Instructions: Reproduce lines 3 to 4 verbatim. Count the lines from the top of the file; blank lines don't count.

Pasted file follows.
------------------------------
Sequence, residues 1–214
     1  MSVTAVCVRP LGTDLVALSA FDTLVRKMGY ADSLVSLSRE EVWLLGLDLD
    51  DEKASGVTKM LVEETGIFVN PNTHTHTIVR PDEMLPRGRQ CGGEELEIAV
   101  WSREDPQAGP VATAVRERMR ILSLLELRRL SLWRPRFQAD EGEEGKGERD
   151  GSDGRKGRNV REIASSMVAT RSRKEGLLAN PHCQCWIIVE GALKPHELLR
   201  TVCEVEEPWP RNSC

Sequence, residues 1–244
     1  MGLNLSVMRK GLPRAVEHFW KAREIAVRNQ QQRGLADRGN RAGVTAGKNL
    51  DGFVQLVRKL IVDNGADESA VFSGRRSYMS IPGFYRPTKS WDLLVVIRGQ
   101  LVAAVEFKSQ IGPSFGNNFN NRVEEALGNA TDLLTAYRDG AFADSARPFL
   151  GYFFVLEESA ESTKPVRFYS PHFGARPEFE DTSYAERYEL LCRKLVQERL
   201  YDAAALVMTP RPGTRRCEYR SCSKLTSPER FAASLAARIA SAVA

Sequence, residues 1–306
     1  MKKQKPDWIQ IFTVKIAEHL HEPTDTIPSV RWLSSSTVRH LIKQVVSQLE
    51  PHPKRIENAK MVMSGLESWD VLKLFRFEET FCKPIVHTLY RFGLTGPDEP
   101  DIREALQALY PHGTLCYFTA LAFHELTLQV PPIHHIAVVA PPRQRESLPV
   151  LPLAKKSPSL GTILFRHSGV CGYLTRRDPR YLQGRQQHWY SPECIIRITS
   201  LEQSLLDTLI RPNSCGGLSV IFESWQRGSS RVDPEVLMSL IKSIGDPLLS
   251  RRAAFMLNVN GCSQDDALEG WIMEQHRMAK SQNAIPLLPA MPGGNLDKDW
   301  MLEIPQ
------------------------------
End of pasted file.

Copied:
    51  DEKASGVTKM LVEETGIFVN PNTHTHTIVR PDEMLPRGRQ CGGEELEIAV
   101  WSREDPQAGP VATAVRERMR ILSLLELRRL SLWRPRFQAD EGEEGKGERD